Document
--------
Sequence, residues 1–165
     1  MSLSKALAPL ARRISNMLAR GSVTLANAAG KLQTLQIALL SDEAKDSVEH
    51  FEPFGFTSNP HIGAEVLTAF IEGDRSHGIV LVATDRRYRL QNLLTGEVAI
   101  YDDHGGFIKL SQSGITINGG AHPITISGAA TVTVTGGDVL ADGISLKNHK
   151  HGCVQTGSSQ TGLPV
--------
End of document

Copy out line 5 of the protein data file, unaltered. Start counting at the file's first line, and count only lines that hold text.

   151  HGCVQTGSSQ TGLPV